Elder v. State

Annotate this Case

224 Ga. 704 (1968)

164 S.E.2d 118

ELDER v. THE STATE.

24828.

Supreme Court of Georgia.

Argued September 12, 1968.

Decided October 10, 1968.

Rehearing Denied November 7, 1968.

Garland & Garland, Reuben A. Garland, for appellant.

George D. Lawrence, Solicitor General, Arthur K. Bolton, Attorney General, Marion O. Gordon, Mathew Robins, Assistant Attorneys General, for appellee.

NICHOLS, Justice.

Ben Elder was convicted of the murder of Anne Cain. A life sentence was imposed in accordance with the jury's recommendation of mercy. The appeal is from such verdict and sentence. The evidence disclosed without dispute that Anne Cain died as a result of a bullet wound in her left temple, that the defendant and the deceased (just prior to the shooting) were together in the kitchen of Anne Cain's home and were engaged in a telephone conversation with a third person, that the defendant was the father of Anne Cain's illegitimate son, that the deceased's grandmother was watching television in an adjoining room and heard the shot. There was also evidence, though not uncontradicted, that the grandmother heard the defendant while talking on the telephone tell someone "when you come to town you better have your smoking pole cause I got mine," and "You are chicken and you are scared," that the defendant continued arguing with someone on the telephone, that it got quiet and the witness looked back into the kitchen and saw the defendant holding the telephone receiver to Anne Cain's *705 right ear but she was not talking, that the witness again turned her eyes toward the television which she had been watching and heard a shot, that she ran into the kitchen where Anne Cain had already fallen to the floor, that she looked down at her granddaughter and up at the defendant who was standing over the deceased with the gun in his right hand, and that she tried to grab him because she thought he was going to shoot her again. There was also testimony of a police officer (who arrived at the scene shortly after the shooting) that the defendant ran up to him before he could get to the house and told him "carry me on in and lock me up I have shot her," and then later en route to the police car the defendant stated it was an accident.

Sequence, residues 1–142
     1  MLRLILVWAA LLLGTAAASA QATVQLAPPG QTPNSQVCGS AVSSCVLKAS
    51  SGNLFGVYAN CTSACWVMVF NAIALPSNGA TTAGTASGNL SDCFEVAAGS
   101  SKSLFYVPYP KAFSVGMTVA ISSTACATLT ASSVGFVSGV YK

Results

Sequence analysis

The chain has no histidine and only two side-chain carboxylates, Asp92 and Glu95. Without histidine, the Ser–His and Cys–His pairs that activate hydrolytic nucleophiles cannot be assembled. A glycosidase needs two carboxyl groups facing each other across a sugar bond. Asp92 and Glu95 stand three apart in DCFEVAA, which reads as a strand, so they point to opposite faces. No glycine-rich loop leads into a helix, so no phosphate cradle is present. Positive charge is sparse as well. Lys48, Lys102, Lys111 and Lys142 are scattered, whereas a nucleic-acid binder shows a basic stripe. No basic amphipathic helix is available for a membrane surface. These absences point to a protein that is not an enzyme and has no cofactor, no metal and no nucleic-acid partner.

In making his unsworn statement the defendant admitted the gun was his but said that it was broken and would not fire, that the deceased had the gun for some time and that he was attempting to take the gun from her when it exploded and fired the fatal shot. In his enumerations of error the defendant contends that the trial court erred in giving charges on voluntary and involuntary manslaughter, pointing a gun at another and justifiable homicide as well as contending that the verdict was not authorized by the evidence. Held:

The evidence authorized the verdict and it is not necessary to determine if the evidence authorized the instructions on manslaughter, pointing a gun at another and justifiable homicide, for it is well settled that where a person is on trial under an indictment for murder, a correct charge on a lesser crime will not be cause for a new trial where the defendant is convicted for the higher offense of murder. See Rucker v. State, 135 Ga. 391 (69 SE 541); Glasco v. State, 137 Ga. 336 (4) (73 SE 578); Brawner v. State, 221 Ga. 680 (1) (146 SE2d 737).

Judgment affirmed. All the Justices concur.